Col. William Crawford1

ID# 18486, (1744 - 1826)

Spouse: Alice Kennedy – children:

  • Mary Crawford15
  • Lizzie Crawford16
  • John Crawford17 b. 26 Sep 1772, d. 8 Nov 1831
  • Catherine Crawford18
  • Ruth Crawford19
  • Alice Crawford20 b. 16 Jul 1776, d. 28 Oct 1850
  • Nancy Crawford21,1 b. 6 Aug 1782, d. 3 Aug 1864
  • William Crawford19

Key Events:

     Col. William Crawford was born on 6 Aug 1744 in Chambersburg, Pennsylvania.2 He married Alice Kennedy, daughter of David Kennedy, in 1767.2 He died in 1826.2 He was buried in Glades Church, Cumberland Twp., Pennsylvania.2

Copyright Notice

Narrative:

     After his father's death, William was bound by the Orphan's Court to Samuel Coombs in Loudon Co., Virginia.3 After he served his time he enlisted for five months under Capt. Campbell, a Scotchman, who was defending the frontiers with headquarters at Everets Fort on Big Capon, Hampshire Co., Virginia. The company wore the plaid and kilt.4
     William and Alice moved in 1770 to the west side of the Monongahela River, where William with the aid of a Negro servant named Cook had built a cabin, cleared five acres, and planted corn.5 The area west of the Monongahela was deeded to the whites by the Indians 5 Nov 1768, and was then sold to settlers beginning in 1770. William obtained a warrent for land there 16 Jul 1773, and Alice obtained a second warrent 26 Jan 1785. However they never completed the process of obtaining title by obtaining a patent. After his death the General Assembly passed an act authorizing his son-in-law, Henry Russell, to patent 499 acres in trust for William's heirs, which he did 1 Jan 1831, paying $32.70.6 The land they settled was near Carmichaels, in Cumberland Twp., Washington Co., and William lived there the rest of his life. He built a log house there about 32 feet long, two stories high, with four rooms on the ground floor.7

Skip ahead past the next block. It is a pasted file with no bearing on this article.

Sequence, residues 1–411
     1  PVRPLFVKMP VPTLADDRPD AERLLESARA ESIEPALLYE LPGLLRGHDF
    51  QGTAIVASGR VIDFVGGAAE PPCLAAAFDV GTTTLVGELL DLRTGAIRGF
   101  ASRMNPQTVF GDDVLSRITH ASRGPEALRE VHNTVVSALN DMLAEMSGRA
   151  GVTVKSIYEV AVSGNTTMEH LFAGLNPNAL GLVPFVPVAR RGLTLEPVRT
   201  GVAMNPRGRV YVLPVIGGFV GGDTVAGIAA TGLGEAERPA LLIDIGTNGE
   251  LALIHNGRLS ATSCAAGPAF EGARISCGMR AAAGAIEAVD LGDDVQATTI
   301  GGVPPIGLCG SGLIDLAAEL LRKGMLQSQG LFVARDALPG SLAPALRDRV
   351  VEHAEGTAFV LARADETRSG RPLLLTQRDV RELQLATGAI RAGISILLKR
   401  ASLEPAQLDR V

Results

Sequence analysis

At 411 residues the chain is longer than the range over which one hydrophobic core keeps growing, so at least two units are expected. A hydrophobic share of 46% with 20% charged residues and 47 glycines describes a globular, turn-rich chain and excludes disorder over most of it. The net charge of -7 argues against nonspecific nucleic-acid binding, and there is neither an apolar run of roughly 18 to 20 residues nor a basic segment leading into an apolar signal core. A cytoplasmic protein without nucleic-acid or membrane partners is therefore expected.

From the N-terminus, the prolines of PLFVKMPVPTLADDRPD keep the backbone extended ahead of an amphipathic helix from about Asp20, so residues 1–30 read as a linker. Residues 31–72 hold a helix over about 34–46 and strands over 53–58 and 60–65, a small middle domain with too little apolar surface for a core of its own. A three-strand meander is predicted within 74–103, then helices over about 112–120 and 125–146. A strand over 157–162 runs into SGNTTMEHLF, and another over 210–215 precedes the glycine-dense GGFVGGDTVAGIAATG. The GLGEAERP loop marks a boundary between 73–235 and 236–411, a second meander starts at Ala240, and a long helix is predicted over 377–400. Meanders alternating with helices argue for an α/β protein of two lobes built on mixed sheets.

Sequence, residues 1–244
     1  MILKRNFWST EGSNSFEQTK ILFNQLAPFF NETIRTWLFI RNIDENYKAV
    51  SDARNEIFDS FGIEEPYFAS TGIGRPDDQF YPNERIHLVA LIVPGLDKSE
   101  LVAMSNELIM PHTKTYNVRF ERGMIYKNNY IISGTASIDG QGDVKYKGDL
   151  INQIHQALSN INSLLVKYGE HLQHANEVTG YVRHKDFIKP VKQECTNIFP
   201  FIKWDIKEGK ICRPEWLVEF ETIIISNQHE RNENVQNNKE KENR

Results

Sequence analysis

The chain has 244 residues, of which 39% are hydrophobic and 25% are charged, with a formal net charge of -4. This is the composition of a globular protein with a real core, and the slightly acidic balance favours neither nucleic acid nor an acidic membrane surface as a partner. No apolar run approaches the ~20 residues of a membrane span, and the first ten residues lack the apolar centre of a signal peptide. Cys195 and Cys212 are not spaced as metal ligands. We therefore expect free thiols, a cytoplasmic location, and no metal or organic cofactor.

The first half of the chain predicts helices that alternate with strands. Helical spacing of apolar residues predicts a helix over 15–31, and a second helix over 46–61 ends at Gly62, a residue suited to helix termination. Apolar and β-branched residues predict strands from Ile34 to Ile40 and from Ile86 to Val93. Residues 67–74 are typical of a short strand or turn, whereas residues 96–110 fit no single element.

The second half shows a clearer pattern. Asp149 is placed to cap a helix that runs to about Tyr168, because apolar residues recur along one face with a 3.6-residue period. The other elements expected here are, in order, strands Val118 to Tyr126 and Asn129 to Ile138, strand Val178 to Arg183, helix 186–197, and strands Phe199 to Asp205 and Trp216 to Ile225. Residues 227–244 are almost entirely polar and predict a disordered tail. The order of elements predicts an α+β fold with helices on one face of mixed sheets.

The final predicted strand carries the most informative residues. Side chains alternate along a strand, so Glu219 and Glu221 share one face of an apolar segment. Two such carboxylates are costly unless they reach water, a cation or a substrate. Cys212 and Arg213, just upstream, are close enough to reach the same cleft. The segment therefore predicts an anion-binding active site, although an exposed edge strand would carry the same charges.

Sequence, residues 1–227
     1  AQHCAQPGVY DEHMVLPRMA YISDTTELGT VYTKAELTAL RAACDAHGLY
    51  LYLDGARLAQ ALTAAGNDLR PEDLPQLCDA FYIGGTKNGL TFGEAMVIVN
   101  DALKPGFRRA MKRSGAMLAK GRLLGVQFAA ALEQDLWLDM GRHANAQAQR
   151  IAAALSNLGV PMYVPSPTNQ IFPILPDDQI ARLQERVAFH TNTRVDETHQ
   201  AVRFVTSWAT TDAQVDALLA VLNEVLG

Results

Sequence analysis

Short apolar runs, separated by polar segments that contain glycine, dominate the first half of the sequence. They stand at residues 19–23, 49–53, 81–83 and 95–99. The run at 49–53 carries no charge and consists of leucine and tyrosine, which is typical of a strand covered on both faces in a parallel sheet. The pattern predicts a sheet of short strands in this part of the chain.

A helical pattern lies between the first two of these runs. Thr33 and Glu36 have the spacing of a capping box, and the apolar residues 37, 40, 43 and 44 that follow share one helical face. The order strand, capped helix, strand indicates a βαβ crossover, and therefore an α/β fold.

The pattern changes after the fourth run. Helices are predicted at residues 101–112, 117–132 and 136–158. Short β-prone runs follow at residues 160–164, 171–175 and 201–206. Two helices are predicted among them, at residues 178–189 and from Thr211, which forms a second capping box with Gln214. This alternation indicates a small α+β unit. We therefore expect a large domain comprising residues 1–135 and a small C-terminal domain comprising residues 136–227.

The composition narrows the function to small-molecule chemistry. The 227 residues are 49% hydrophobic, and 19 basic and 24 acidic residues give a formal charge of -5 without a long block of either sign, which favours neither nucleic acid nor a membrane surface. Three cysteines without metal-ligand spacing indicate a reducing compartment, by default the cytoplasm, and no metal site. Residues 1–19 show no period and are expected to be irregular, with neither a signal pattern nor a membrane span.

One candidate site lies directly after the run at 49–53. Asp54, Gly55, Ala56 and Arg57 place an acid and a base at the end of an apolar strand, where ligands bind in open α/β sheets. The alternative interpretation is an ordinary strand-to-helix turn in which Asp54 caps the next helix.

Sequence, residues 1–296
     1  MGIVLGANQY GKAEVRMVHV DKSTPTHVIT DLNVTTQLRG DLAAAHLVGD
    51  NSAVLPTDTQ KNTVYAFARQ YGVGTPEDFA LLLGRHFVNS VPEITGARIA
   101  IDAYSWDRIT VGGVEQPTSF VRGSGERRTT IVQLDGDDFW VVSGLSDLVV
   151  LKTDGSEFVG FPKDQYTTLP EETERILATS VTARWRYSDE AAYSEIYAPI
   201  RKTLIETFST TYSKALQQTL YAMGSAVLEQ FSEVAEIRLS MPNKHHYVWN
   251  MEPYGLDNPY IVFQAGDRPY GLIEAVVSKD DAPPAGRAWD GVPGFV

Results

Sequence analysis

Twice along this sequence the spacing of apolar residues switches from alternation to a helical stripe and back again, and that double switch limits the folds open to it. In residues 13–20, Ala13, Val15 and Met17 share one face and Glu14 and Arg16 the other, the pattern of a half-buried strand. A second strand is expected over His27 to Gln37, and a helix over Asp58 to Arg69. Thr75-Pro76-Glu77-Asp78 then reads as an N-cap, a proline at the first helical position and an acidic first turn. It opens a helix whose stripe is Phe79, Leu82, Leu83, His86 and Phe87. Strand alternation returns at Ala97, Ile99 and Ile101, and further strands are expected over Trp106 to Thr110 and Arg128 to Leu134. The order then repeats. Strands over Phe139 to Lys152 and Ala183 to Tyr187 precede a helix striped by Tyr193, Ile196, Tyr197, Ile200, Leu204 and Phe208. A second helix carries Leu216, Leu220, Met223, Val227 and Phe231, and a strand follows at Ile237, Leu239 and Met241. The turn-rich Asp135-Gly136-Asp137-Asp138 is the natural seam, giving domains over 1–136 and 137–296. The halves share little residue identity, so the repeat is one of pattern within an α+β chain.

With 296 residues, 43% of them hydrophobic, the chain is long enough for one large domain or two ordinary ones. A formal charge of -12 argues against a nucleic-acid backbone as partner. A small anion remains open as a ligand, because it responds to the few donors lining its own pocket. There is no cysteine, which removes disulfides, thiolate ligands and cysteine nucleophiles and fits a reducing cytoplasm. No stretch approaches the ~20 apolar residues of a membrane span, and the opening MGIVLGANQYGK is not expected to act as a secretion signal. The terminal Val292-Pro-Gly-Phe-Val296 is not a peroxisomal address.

An attach on a neighboring homestead in May 1774 lead by the Indian chief Logan caused the family to retreat temporarily to a nearby fort.8 Further Indian depredations in the spring of 1777 had caused William to move his family to Jacob Vanmeter's fort some three miles away. They returned home after about two weeks and several neighbors built cabins and a stockade there for thier mutual protection.9
     At the same time British loyalists were taking up arms against their neighbors who supported the American cause. William joined the forces commanded Col. Thomas Gaddis of Virginia, and was appointed a sergeant. He was involved in a number of engagments with Tory forces.10 He was commissioned Captain of militia of Monongalia Co., Virginia by Gov. Patrick Henry on 15 Mar 1779.11
     Conflicts between the Indians, encouraged by the British, and the settlers continued after the Revolution, and William was involved in the efforts to defend the settlers. He was commissioned as Lieutenant Colonel, 4th Battalion of militia in Washington Co., Pennsylvania on 1 May 1786, by the Supreme Executive Council of the Commonwealth of Pennsylvania.12 William took part in a major effort was undertaken by Pennsylvania forces under Gen. Wayne in 1793 and 1794 succeeded in quelling Indian raids.13
     
Research Note, 2 May 2013:

There were two Col. William Crawfords in western Pennsylvania during the time leading up to the Revolution. The more famous one, from Fayette Co. was born about 1722 in Westmoreland Co., Virginia. He was captured and killed by Indians during a campaign in 1782.14

Citations

  1. [S4077] Biographical History of Eminent and Self-made Men of the State of Indiana, dist 4 pg 83.
  2. [S4079] The William Crawford Memorial, pg 25.
  3. [S4079] The William Crawford Memorial, pg 37.
  4. [S4079] The William Crawford Memorial, pg 38.
  5. [S4079] The William Crawford Memorial, pp 25, 39.
  6. [S4079] The William Crawford Memorial, pp 119-21.
  7. [S4079] The William Crawford Memorial, pp 25, 121.
  8. [S4079] The William Crawford Memorial, pg 45.
  9. [S4079] The William Crawford Memorial, pp 51-2.
  10. [S4079] The William Crawford Memorial, pp 68-86.
  11. [S4079] The William Crawford Memorial, pp 105-6 provides transcription of commission.
  12. [S4079] The William Crawford Memorial, pp 109-11 provides transcription and copy of commission.
  13. [S4079] The William Crawford Memorial, pp 125-41.
  14. [S4079] The William Crawford Memorial, pp 145-51.
  15. [S4079] The William Crawford Memorial, pg 209.
  16. [S4079] The William Crawford Memorial, pg 214.
  17. [S4079] The William Crawford Memorial, pg 215.
  18. [S4079] The William Crawford Memorial, pg 277.
  19. [S4079] The William Crawford Memorial, pg 279.
  20. [S4079] The William Crawford Memorial, pg 280.
  21. [S4079] The William Crawford Memorial, pg 287, shows her eighth child of William Crawford.